Inflammatory Bowel Disease (IBD) and Osteoporosis
Osteoporosis is a decrease in bone density. As humans age, resorption of bone outpaces formation of bone and bone density begins to decline. While some loss of bone density is normal, when the process accelerates, osteoporosis becomes a threat. While some people with osteoporosis may notice some back pain or change in posture, this disorder generally produces no symptoms until the bone becomes so weakened that it breaks. Bone fractures due to osteoporosis most often occur in the spine and hips. For this reason, it is very important to screen for bone loss with bone density testing, and to take preventive measures to halt bone loss.
Osteoporosis is more common in patients with inflammatory bowel disease than the general population. It is more common in Crohn's patients than Ulcerative Colitis, occurring in up to 30% of Crohn's patients. Patients with inflammatory bowel disease therefore develop osteoporosis at younger ages than the general population. Additionally, while rare in men, osteoporosis is not uncommon in men with inflammatory bowel disease. There are many reasons for bone loss to develop in patients with inflammatory bowel disease.
Patients with inflammatory bowel disease have elevated levels of specialized proteins, which increase the body's inflammatory response. These proteins may disrupt normal bone metabolism, leading to more rapid resorption of bone compared to formation. Additionally, patients with more active forms of Crohn's are at increased risk of developing osteoporosis because they have greater concentrations of such proteins. These proteins, cytokines, are less common in ulcerative colitis, and likely in part explain the decrease incidence of osteoporosis in Ulcerative colitis compared with Crohn's disease.
Another reason for the increased incidence of osteoporosis in inflammatory bowel disease is vitamin D deficiency. Vitamin D is required for the absorption of calcium.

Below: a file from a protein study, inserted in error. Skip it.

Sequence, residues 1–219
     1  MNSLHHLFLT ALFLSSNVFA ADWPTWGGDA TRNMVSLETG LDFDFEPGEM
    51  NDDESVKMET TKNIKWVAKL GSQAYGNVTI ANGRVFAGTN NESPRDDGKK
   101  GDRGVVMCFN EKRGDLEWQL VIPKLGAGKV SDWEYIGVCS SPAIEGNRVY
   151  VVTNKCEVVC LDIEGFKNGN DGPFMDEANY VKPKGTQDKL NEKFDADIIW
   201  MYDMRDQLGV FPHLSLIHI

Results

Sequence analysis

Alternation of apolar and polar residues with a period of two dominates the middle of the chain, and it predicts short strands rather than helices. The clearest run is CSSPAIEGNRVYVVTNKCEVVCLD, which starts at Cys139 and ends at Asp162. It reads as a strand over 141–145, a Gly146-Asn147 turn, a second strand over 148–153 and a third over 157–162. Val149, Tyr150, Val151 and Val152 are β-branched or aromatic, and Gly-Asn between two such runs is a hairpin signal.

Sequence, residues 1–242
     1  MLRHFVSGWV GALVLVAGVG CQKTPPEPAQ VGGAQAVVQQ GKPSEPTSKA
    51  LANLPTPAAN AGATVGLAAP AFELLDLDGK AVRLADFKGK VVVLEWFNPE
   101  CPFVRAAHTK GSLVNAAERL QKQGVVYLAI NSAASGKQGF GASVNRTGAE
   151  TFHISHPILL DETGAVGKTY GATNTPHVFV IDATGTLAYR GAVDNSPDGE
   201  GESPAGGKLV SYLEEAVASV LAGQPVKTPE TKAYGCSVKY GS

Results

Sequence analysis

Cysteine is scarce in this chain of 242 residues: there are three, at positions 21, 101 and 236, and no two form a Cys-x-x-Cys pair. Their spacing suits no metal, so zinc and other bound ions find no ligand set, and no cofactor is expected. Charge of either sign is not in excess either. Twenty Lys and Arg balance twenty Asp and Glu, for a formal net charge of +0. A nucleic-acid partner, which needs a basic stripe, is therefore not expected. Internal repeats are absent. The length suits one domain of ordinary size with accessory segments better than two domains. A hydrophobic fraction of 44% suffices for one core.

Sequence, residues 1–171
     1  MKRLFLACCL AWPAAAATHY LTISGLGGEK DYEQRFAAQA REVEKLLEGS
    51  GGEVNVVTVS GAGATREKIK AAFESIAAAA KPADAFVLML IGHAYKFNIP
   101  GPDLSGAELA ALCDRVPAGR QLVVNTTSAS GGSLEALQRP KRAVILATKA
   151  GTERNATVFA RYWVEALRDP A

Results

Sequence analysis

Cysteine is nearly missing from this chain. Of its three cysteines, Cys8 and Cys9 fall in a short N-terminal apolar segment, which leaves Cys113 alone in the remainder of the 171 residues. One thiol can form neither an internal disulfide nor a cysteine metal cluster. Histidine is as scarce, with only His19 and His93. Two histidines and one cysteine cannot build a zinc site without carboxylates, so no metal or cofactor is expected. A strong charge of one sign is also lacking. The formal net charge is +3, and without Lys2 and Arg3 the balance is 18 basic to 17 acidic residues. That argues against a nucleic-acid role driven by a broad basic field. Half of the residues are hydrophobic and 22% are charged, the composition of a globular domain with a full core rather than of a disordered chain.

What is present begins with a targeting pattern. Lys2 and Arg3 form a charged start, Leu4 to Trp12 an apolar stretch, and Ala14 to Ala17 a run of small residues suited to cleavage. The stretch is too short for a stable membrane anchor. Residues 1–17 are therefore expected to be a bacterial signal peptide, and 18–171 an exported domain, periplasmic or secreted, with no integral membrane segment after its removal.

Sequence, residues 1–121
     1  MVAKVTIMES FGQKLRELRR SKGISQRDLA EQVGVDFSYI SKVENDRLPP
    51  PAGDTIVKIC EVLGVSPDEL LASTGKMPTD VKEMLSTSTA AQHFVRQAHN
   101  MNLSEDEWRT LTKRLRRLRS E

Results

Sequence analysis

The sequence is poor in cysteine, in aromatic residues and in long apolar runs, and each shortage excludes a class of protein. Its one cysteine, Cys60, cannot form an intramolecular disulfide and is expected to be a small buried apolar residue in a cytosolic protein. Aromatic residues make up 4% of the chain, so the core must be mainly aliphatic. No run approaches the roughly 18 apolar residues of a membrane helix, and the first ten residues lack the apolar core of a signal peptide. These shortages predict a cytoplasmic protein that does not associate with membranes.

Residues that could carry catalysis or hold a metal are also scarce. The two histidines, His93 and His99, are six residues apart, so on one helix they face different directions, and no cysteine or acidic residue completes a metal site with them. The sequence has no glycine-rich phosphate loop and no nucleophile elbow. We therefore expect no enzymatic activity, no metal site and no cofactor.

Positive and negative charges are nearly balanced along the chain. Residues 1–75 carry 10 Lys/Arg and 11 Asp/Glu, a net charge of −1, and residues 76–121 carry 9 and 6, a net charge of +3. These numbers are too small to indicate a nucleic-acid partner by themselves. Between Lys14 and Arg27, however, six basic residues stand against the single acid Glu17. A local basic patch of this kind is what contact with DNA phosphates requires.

As vitamin D is absorbed in the small intestine, patients with Crohn's disease, especially those who have undergone small bowel resection or who have extensive small bowel involvement, are at increased risk for vitamin D deficiency. Vitamin D deficiency results in reduced calcium absorption and leads to poor bone mineralization and an increased incidence of osteoporosis.
A final factor that leads to the development of osteoporosis in patients with inflammatory bowel disease is the use of corticosteroids. Almost 50% of patients who take corticosteroids on a long-term basis develop osteoporosis, with the odds correlating with the dose and length of time that a person is on them. Steroids work to impair the formation of new bone by decreasing the amount of calcium absorbed by the intestines from food, increasing the excretion of calcium in the urine, stimulating the production of cells that break down bone, decreasing the number of bone-forming cells and reducing the production of the hormone estrogen, which contributes to strong bones. It is felt that steroid use plays a large role in the development of osteoporosis in patients with Ulcerative colitis.
Patients with inflammatory bowel disease therefore need to be screened more frequently for osteoporosis than the general population. Every effort should be made to use steroid-sparing medications to treat inflammatory bowel disease, such as immunosuppressives (6-MP and Imuran) and safer steroids such as Entocort. Medications that enhance bone growth, such as Fosamax and Actonel should be started earlier than in the general population. Additionally, patients with inflammatory bowel disease, especially with evidence of osteoporosis should try to restrict alcohol consumption, stop smoking, engage in regular physical activity, eat a diet rich in calcium and vitamin D.